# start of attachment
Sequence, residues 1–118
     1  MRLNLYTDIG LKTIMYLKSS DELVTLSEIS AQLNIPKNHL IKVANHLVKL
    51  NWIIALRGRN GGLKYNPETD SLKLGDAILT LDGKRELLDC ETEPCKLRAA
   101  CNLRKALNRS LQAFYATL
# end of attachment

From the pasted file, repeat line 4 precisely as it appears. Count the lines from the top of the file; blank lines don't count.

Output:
   101  CNLRKALNRS LQAFYATL